Canada’s crude awakening

Paul Wells on why unlocking Alberta’s vast petroleum riches will be anything but easy

Crude awakening

Darryl Dyck/CP

In hindsight, Stephen Harper’s new fight against the world’s oil sands detractors was a long time coming. Last November in Vancouver, the Prime Minister gave a local television interview in which he warned that “significant American interests” would be “trying to line up against the Northern Gateway project,” Enbridge’s proposed $3.5-billion double pipeline from near Edmonton to a new port at Kitimat, B.C.

“They’ll funnel money through environmental groups and others in order to try to slow it down,” Harper told his hosts. “But, as I say, we’ll make sure that the best interests of Canada are protected.”

In early November, U.S. President Barack Obama announced he was putting off final approval of TransCanada’s $7-billion Keystone XL pipeline until after this November’s presidential election. Harper has long viewed Obama as an unsteady ally. Now he’d had enough. “I’m sorry, the damage has been done,” he told CTV before Christmas. “And we’re going to make sure we diversify our energy exports.”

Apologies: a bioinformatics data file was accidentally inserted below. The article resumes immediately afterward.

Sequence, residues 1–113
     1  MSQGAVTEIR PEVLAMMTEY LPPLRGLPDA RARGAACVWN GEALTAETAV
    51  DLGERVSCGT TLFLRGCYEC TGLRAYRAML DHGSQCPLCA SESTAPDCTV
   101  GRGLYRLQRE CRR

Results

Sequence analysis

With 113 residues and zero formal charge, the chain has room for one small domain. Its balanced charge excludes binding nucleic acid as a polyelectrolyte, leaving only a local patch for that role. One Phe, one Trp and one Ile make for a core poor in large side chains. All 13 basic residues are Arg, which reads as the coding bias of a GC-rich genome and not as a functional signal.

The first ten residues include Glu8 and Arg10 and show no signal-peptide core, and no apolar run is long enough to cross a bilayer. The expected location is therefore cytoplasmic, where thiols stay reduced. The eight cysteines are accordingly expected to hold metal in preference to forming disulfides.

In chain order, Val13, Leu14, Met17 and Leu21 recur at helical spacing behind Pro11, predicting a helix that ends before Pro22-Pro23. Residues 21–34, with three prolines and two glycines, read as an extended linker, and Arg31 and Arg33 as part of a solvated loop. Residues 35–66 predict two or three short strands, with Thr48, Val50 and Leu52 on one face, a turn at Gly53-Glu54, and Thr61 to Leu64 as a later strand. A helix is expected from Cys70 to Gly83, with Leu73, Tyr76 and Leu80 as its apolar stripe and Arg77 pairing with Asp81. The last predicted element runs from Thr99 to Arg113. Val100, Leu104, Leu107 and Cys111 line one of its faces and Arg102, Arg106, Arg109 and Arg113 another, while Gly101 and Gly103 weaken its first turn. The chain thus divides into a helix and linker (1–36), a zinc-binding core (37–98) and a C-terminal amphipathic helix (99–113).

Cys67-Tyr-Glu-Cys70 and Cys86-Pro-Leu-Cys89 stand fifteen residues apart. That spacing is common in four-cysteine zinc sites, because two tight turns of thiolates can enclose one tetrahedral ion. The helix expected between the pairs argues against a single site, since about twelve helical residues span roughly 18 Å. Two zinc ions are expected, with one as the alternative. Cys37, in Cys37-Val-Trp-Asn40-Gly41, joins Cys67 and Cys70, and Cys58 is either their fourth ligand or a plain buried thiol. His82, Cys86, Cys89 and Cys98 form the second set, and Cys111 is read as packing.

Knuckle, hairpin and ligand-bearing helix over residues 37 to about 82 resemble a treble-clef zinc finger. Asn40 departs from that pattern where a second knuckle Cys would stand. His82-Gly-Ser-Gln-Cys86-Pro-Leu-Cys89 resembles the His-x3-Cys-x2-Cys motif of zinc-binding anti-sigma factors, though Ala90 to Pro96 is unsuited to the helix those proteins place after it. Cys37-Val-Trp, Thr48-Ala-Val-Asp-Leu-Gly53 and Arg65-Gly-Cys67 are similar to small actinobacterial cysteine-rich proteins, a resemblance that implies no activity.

Harper picked the second week of January to kick his game into gear. The government released a letter signed by Natural Resources Minister Joe Oliver, warning of “environmental and other radical groups” seeking to “hijack our regulatory system to achieve their radical ideological agenda”—by lining up to speak against the project at the National Energy Board’s Joint Review Panel environmental hearings.

Two days after Oliver’s letter, Harper welcomed Chinese ambassador Zhang Junsai to his office to announce he’ll visit China in February. The Harper government is mobilized to make sure Gateway goes through, and it is using familiar tactics honed in three federal elections to rally public opinion against anyone who would stand in the way.

It is also being mightily helped by a loose constellation of staunchly conservative activists, operatives and journalists inside the government and outside it. Their guiding text is a book that has turned into a movement, the Calgary-born lawyer, Sun News TV host and all-around gadfly Ezra Levant’s Ethical Oil: The Case for Canada’s Oil Sands.

Levant’s thesis is simple enough: compared to most of the world’s oil sources, northern Alberta is a veritable bastion of stability, political enlightenment and environmental responsibility. It didn’t influence the Harper Conservatives in new directions so much as it put their long-standing convictions into words. Four months after the book was published in September 2010, Harper’s new environment minister, Peter Kent, began using the phrase “ethical oil” to describe Canada’s petroleum exports.